“We do not ask for wealth because he that has health and children will also have wealth. We do not pray to have money but to have more kinsmen. We are better than animals because we have kinsmen. An animal rubs its itching flank against a tree, a man asks his kinsman to scratch him.”
― Chinua Achebe,
ACHEBE KNEW THINGS WOULD ALWAYS FALL APART EXCEPT SOMETHING FAR FROM THIS CONTRAPTION CALLED NIGERIA OCCURS
Before I commence, it is extremely important to note that; “the engine room of any national interest is the executive obedience to court orders, protection and preservation of citizens’ constitutional liberties. But when there is justification of executive disobedience to court orders and made to be seen as a protection of national interest, that should be regarded as abominable? right?
I never met Chinua Achebe in person, I only grew interested in the fine gentleman while working on a project back then in school. Though I liked reading books, I never had a rounded love story when it came to literature and it’s affiliations. In other words I had reasons not to go close to African literature, as I saw it as boring and somehow knew the stories my boring lecturer would come to preach.
…was forced to read Achebe’s works, to help a team work on a project. I never thought I would ever resonate with his person and elements he used in inking words to sheet, (I had a picture of a weak man in my head, due to his style when it came to public presentations) but I have come to realize that when you become conscious of happenings around you, you have no choice than to accept realistic truths, exposed by a conscious and realistic activist.
Achebe knew and lived in the core of the motifs that turned out to be the creatives he used in creating all the masterpiece work of art that has his name on it.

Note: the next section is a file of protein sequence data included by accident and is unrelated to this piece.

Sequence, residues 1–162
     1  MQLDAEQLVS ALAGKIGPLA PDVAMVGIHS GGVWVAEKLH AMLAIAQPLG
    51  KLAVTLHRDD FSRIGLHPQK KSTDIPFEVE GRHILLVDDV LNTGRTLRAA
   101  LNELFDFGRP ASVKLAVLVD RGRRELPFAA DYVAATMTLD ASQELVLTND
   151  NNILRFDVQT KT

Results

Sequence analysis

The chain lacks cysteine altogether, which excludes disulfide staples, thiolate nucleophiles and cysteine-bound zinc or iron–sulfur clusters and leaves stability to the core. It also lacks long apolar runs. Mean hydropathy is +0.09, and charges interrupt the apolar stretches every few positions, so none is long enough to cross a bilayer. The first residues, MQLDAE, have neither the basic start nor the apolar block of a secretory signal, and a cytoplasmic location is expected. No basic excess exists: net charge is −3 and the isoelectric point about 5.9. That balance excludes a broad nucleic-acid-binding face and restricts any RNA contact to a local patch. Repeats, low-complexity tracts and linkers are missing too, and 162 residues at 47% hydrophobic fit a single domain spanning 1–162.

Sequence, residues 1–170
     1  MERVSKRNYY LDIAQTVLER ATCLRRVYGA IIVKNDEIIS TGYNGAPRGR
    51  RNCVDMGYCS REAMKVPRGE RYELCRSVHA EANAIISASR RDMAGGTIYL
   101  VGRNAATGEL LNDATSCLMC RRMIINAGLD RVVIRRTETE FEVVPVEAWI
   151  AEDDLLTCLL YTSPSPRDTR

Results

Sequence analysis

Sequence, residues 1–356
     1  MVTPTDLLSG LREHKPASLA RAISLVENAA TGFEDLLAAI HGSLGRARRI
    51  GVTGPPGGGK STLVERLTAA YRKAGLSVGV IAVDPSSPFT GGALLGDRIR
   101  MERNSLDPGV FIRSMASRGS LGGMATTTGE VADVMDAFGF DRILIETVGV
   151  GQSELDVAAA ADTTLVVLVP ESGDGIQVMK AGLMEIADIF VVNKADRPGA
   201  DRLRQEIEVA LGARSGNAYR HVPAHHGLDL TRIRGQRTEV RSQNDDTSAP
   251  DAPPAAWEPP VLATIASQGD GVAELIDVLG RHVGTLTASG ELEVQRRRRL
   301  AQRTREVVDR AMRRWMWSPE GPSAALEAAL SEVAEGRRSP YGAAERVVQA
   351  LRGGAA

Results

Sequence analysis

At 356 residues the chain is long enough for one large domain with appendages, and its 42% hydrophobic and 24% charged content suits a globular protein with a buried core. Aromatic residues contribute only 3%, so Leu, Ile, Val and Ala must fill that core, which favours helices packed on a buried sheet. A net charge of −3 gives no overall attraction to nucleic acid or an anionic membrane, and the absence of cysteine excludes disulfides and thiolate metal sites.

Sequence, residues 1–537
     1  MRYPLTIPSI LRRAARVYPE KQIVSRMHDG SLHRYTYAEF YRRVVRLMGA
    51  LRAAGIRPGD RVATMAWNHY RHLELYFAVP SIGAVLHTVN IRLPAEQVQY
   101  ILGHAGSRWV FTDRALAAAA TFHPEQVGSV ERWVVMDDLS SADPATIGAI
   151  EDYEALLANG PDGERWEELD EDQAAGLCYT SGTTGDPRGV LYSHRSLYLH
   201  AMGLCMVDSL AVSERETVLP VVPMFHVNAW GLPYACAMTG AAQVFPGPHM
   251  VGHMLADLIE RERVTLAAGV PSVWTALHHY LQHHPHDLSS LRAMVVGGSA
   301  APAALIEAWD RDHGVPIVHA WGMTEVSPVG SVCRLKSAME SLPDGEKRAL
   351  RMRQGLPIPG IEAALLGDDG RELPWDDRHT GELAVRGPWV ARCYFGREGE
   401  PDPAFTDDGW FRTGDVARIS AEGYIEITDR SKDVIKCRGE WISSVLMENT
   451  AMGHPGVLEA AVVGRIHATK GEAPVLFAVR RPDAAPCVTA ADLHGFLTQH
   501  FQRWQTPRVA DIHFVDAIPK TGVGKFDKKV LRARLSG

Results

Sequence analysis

After much study, I now completely relate with Achebe’s soft but sound sentiments. His “unorganized” style of activism and an indirect fight for independence for his fellow indigenous brothers.
He fought a fight anyone even insiders would tag ‘not concrete’, but no one should ever ignore the outstanding feat he achieved both as a soft spoken activist and even as an ordinary literature teacher.
It’s still very hard to reconcile the taciturn elderly, black-beret-wearing gentleman, who had his way with mixing and blending the African traditional beliefs with christainity; pushing his points home with style; “grit and wit” his most trusted elements for expressions. Using an unapologetic in-your-face voice of Africa I had imagined while reading his world renowned ‘THINGS FALL APART’ or the indifferent and slightly aggrieved man I pictured while I flipped the pages of; ‘THERE WAS A COUNTRY’.
Regardless what anyone thinks, I give resounding cheer to the man that knew how to merge raw artistry with reassuring elements that celebrated the value of humanity and the essence of originality, forcing his readers to rely on him to always stay real and opinionated, something I refer to as; substance not just as style, but substance as the main style.
I guess it is perhaps for this actual reason that Achebe works have become a complete fundamental texts for much of African literature …even outside the shores of this great continent. His very humble persona has become an exemplary status for many Africans, writers and non-writers inclusive.
A rebel, an opinionated man, an unselfish mentor. Achebe’s refusal twice to accept Nigeria’s National Honors on the grounds that most of the issues within this contraption called Nigeria and the style of governance within, which he illuminated in – ‘THE TROUBLE WITH NIGERIA’, has remained unsolved. As he chooses to stamp his reputation as a man of ultimate principle and fine standards. But this “teacher of light” with a personal antecedent of the African cultural and historical values; have largely remained the focus of post colonial theorists who have often rendered the world’s most accessible authors as inaccessible – Even as much as he tried to offer himself to us in his last memoir, ‘a personal history of Biafra’ – ‘THERE WAS A COUNTRY’.
WRITTEN AND EDITED BY CHARLES OKPERE
…to be continued
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